May 8, 2012

Researchers Concentrating on Ear Bones in Fish

If only fish could talk. Think of the possible range of questions we could ask. Certainly, we could satisfy our greedy angler hearts with a range of questions like: What’s your favorite food and when? Or, Where can I best locate you and when should we meet there? Or, how do planetary conditions affect your appetite? It’s endless, the questions we could ask. Just think if there was a convention and the speakers addressing the crowd were game fish from around the globe and there was a question and answer session. Man, that would be a sold out event for sure.

“This question is for the tarpon, so I was wondering…”

But, no dice – communication is a bit trickier than that. Understanding requires a bit more work, study or science one could say. Much how the alleged alien scientists probe and test, there are people who are busy discovering the nature of fish on a sophisticated level. We can hook a fish on a small mayfly, land it and slice the tummy open and have a look, but this doesn’t tell us anything more than what’s on the menu lately. How about… Where are you from fish? Where have you been and where are you likely to go?

Well there are some people who are getting to the bottom of this question by carefully observing inner ear bones, or Otoliths in fish. In fact, these bones can be sliced and read much like rings on a tree trunk! Pretty cool huh! I have a buddy who is a fisheries graduate student and he has been studying this very science in Willamette River Chinook Salmon in Oregon. And it seems that other teams of researchers have been on the same path concerning Cutthroat Trout. The ear bones actually tell the fish’s story!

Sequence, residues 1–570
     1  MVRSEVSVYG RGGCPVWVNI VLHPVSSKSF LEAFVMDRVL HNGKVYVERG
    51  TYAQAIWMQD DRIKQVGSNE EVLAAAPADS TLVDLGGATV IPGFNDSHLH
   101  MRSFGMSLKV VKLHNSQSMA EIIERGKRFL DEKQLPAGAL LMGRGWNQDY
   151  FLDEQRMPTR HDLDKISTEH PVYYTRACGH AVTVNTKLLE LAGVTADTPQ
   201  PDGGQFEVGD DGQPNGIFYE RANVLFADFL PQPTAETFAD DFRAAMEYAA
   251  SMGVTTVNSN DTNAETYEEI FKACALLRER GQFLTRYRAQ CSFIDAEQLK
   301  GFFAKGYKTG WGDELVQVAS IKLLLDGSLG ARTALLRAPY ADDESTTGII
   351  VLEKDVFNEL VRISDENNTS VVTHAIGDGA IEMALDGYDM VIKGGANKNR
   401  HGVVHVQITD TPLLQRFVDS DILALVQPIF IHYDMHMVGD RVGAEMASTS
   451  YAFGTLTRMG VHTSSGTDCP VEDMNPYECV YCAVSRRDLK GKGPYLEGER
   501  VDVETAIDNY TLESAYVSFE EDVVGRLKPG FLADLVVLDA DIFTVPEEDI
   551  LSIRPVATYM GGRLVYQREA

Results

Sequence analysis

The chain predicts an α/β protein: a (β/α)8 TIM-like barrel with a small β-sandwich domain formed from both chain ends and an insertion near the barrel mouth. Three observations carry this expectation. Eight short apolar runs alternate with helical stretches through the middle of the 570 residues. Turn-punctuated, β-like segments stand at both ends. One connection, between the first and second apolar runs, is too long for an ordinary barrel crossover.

You can read more about it in this recent article from the Columbia Basin Bulletin http://www.cbbulletin.com/420175.aspx

I emailed my buddy Sam Bourret this article and for those interested, this was his reply:

Thanks for the article, this goes along really well with my work. To bad the differences in isotopes are as prevelent between the habitats that we wanted to learn more about, but I am making the best of it - should be done in the fall.

They don't mention this, but the isotopic variation is driven by differences in underlying geology. So the isotopic chemicals go from the geology - water - otolith. I think there could be some easy applications in the upper snake, with the obvious differences in geology up the gros ventre (sandstone) and in the tetons (granite). - I love those cuttys!!

Have a good time,
-Duffy

2 comments :

  1. That's pretty cool. Thanks for the piece! Had no idea "place" could play such a factor in physical characteristics.

    ReplyDelete
  2. yea - I thought that was really interesting too. can see otoliths palying a major role in studies moving forth. thanks for stopping by

    ReplyDelete

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